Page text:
Personalized Medicine Education and Advocacy

Thought leadership in personalized medicine

AMA Past Chair Joins PMC in Support of Designing Clinical Pathways to Encourage Innovations in Personalized Medicine

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Echoing contentions made by PMC in its most recent white paper, Paying for Personalized Medicine, Barbara L. McAneny, M.D., the immediate past chair of the American Medical Association (AMA) Board of Trustees and a board-certified oncologist/hematologist, has voiced her support for ensuring that future advancements in personalized medicine are considered early in the development of alternative payment models (APMs) that include clinical pathways.

In a recently published article in Inside Health Policy, McAneny points out that clinical pathways and personalized medicine are not mutually exclusive, as long as the pathways are constructed thoughtfully. Pathways with no exemptions, she said, are particularly problematic, because even if a pathway is the right answer 80 percent of the time, “you have patients that aren’t going to fit in the box.”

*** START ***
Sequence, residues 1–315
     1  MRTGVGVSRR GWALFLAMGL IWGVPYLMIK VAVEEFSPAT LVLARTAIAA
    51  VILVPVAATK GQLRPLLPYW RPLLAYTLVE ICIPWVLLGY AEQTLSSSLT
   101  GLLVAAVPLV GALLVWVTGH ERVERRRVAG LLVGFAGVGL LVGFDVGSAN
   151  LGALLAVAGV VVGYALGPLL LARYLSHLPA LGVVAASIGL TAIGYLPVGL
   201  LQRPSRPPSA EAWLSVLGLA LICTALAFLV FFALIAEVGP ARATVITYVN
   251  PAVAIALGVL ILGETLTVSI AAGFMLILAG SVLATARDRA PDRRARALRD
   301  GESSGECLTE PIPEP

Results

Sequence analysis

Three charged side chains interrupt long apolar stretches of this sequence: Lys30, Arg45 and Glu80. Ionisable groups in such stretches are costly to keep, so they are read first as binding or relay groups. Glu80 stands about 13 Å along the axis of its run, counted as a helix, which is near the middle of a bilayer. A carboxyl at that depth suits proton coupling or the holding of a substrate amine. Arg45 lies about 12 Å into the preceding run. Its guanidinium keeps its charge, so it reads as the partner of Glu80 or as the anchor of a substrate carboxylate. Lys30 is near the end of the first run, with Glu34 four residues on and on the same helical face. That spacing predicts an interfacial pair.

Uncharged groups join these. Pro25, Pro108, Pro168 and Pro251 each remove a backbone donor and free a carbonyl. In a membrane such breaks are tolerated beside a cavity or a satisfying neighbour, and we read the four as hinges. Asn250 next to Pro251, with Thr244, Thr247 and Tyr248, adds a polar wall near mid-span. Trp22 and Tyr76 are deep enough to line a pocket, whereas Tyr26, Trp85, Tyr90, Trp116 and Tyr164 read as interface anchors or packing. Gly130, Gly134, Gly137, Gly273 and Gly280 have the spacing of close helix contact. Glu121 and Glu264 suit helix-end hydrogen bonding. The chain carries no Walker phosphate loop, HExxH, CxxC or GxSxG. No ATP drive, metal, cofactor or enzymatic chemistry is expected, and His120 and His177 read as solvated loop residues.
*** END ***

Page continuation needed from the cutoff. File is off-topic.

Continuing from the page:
PMC Executive Vice President Amy M. Miller, Ph.D., agrees. Miller, whose comments appeared alongside McAneny’s in the article, emphasized that payment models incorporating pathways must keep up with the science for any particular disease state.

The comments from McAneny and Miller are part of a broader effort to ensure that the personalized medicine perspective is considered as the health care system explores new, value-based payment paradigms.

In a separate piece recently published by Evidence-Based Oncology, Miller and ML Strategies Director of Health Care Policy & Life Sciences Andrew J. Shin, J.D., M.P.H., contend that if APMs are not thoughtfully constructed they could ultimately discourage investment in personalized medicines that cost more in the short term but can save money in the long run.

“If executed well, these new paradigms could represent a new set of incentives that build on personalized medicine’s progress, improving care coordination and outcomes while controlling costs,” the article reads. “However, if structured inappropriately and without the safeguards necessary to ensure high-quality care, APMs could have unintended consequences that limit patient access to vital services and medications.”

Christopher J. Wells
Communications Director
Personalized Medicine Coalition

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